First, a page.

Monday, November 22, 2010

The Harvest photo

I goofed getting this in the other post. I am still learning this artform...

The Harvest

Thoughts of Harvest

I am happy that my family did not have to rely on my garden’s harvest for Thanksgiving or for any meal for that matter. I will post a picture of what was surely one of the most pitiful returns for what seemed like a ton of labor or at least a ton of Black Cow manure and other bags of “good” garden soil.

I had many false starts with all of my plantings. I had to move my blueberry bushes because I planted them too early and didn’t realize that they would be shrouded by the surrounding trees after their leaves fully exposed themselves. After I moved them, some beasties found the dominant bush and ate all of the leaves off of just that one and not the other. I am not sure if the other bush felt relieved or offended that it was not worthy of the furry one’s meal. I had to shift the cucumbers I planted in pots but at least that was an easy move - even though it was ultimately not successful either. I had visions of them climbing up a trellis I have in the yard. It’s a good thing we have imaginations...

As the last of the frost finally faded into the arms of what had been a very cold winter for us I was eager to dig my bare hands into some soil and grow some delicious food. I bought a fine, untreated lumber, square garden corral. I painted it with linseed oil that I was supposed to be using in my oil painting and I wasn’t using it at all on painting so why not put it to great use preserving the garden’s woody walls? I staulked the sides and back of the house to find where I thought the sun would be the best. The perfect spot would be at the side of the house at the top of the hill next to the OF COURSE I didn’t put the garden there, I put it at the bottom of the hill where it was a bit less Clampety for the neighborhood and unfortunately a good bit more in shade. This and a few other factors would prove to be fatal mistakes.

I when to the garden store (lowe’s!) and hauled by myself three sacks of cow manure (do you know how heavy that stuff is??) and eight bags of soil. I schlepped the whole mess into my lined, linseeded, garden plot that was planted too much in the shade. I planted tomatoes, squash, peppers and carrots. I planted herbs in pots and shuffled them around until I found good spots for them. The purple basil was my best crop of the year. The down side of that is that I am the only one in my family that likes pesto!!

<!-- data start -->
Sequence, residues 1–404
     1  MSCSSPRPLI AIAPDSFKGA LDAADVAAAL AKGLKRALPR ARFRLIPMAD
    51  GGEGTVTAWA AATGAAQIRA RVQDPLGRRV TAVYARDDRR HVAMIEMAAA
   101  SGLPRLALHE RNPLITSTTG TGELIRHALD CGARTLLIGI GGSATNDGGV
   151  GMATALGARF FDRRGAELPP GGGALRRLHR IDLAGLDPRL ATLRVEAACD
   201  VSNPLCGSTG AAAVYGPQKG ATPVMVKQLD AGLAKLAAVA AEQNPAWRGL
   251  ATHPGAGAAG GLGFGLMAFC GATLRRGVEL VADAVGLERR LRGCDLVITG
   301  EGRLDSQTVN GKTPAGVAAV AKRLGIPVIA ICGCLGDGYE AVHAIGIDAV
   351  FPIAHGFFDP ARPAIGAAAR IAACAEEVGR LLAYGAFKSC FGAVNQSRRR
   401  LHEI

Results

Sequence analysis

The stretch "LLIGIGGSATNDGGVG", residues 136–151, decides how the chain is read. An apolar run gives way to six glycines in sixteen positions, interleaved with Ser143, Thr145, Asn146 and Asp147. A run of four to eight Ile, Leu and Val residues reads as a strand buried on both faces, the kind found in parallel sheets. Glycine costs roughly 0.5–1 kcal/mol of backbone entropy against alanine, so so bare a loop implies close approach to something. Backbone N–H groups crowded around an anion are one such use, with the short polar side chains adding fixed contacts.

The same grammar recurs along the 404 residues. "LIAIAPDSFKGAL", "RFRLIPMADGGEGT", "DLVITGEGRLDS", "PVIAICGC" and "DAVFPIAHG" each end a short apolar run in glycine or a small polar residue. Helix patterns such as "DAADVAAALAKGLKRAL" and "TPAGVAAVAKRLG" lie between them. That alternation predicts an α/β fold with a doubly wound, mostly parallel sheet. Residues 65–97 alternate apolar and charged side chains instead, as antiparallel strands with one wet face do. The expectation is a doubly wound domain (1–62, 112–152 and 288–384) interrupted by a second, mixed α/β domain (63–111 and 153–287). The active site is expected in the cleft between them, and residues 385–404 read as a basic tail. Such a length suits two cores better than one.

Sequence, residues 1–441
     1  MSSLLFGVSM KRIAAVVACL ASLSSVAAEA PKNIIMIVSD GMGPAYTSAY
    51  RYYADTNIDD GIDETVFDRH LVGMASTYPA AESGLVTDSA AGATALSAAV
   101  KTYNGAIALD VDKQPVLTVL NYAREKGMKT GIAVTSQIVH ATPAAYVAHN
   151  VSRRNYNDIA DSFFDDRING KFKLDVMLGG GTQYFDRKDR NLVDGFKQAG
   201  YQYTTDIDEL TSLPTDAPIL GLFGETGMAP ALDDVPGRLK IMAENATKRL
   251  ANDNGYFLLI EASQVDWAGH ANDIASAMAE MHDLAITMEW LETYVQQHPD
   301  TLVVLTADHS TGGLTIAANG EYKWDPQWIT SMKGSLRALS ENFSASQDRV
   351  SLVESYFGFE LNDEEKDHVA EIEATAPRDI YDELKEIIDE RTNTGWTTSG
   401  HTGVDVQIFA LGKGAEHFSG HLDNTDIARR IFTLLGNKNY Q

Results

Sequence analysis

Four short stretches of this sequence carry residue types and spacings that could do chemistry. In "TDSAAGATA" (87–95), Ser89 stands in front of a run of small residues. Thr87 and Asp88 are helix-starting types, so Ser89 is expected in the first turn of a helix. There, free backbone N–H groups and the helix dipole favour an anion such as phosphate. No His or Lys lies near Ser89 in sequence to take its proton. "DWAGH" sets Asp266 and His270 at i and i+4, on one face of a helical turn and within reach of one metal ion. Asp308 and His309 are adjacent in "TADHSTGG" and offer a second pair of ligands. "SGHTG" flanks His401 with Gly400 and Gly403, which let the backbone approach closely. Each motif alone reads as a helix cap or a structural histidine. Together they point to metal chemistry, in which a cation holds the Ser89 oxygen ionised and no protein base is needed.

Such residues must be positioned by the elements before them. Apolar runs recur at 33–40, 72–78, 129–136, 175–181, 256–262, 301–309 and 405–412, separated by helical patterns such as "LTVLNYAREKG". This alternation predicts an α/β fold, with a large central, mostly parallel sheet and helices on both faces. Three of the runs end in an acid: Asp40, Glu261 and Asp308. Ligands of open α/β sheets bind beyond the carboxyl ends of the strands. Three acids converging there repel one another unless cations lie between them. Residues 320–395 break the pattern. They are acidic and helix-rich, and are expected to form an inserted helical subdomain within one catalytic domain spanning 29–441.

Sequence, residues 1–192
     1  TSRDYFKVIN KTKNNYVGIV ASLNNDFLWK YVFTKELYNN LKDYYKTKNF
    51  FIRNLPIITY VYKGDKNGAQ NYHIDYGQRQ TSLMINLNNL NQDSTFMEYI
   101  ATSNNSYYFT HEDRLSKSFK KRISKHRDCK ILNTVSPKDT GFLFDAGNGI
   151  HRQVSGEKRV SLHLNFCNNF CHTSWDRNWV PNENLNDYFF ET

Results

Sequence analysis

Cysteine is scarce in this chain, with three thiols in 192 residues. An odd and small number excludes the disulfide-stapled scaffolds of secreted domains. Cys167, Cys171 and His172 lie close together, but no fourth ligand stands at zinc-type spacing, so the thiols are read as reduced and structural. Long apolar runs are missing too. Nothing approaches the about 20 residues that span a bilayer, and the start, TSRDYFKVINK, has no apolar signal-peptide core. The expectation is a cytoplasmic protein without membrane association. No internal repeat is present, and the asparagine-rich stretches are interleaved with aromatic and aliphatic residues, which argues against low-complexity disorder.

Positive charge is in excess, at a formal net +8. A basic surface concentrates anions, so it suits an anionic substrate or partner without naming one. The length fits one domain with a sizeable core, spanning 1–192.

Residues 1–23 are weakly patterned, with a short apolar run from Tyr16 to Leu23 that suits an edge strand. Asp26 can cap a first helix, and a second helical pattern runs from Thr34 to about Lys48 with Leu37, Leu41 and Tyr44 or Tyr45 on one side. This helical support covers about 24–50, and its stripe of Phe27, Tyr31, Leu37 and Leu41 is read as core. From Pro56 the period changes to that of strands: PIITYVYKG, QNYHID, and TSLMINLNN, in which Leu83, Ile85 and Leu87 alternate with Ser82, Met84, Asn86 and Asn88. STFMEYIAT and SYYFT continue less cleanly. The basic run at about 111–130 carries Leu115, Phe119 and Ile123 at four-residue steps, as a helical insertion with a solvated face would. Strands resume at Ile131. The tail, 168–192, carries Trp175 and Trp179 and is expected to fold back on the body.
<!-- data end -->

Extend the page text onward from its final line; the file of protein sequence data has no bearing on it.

I had a tree trimmer come make a little more sunshine for me by giving one of our giants a long overdue limb cut. I watered. I swatted mosquitos. The sun shone. The earth shifted. I swatted more mosquitos. (I swear I fed the mosquitos heartily on a daily basis...) The squash and peppers and tomatoes bloomed and I was happy. But alas, the peppers did not come from the flowers. No squash came for the squashblossoms (who in the &!## can’t grow a zucchini??). Turns out we had no bees. Ah, that will really screw up a garden. I was not so happy. And the mosquitos kept biting as I kept trying to get something to happen. I guess if I ever do another garden (not blinkin’ likely...) I’ll have to have an apiary nearby or learn how to pollinate.

So, feast your eyes on the bountiless bounty of my labors. I did get a handful of tiny tomatoes that were tasty morsels, but I am not sure that made it all worth it. I guess it got me outside and taught me a few things:

I am more grateful than ever for the veggies in my house that someone else grew and grew so well, for the tired and labored hands that planted all of it and for the even more tired hands that picked it and cleaned it and got to my little or not-so-little grocer.

Plant gardens in really sunny places.

Watch for and encourage bees to come by any means.

Wear long pants and long sleeves even when it is 100 degrees outside so you don’t get 40 bites a day... (20 on each leg..)

Take pictures of the kids when they are excited about pulling even the most disgusting looking carrot out of the soil..

Sometimes gardens are a victim of circumstance (bunnies, drought - we had both!).

Happy Thanksgiving! I am thankful for you!

Tuesday, November 9, 2010

A challenge to write 1000 words about socks: Go!

Is it possible to write a thousand words about these knitted, stretchy little items of clothing? I am going to try to fulfill a writing challenge and see if I can do it.  
What can I say about these helpful, keep-your-toes-warm on a cold morning, beauties? Probably in the caveman days people had hairier feet. I suppose the early days of socks involved some kind of animal skin wrapped with strips of more animal skin.  Someone figured out weaving at some point and decided to make something useful for the feet.  What a great day that was... Although I know some people who don’t like them and don’t own any.  They wear Birkenstocks year round. I know  one person who actually never wears shoes.   I can imagine explaining that to the bride’s family... “Well, he doesn’t actually own ANY shoes...”  So, get married on the beach--what’s the problem?  I wonder if going shoeless makes it easier or more difficult getting through an airport... It’s nice not to have to mess with the on/off business but you might get pulled aside for seeming so weird.
Going sockless
I think from a laundry perspective and as a parent of children with closebutnotexactlythesame sized feet, going sockless would make the laundry process quicker and easier.  I always save the “dregs” or socks for last. With every batch of laundry I do, I have lone soldiers.  How does it happen every single time?  I have an ever growing bag of unmatched socks.  About once a month I dump it all out and see if any matches can be made.  
Ode to the Lost ones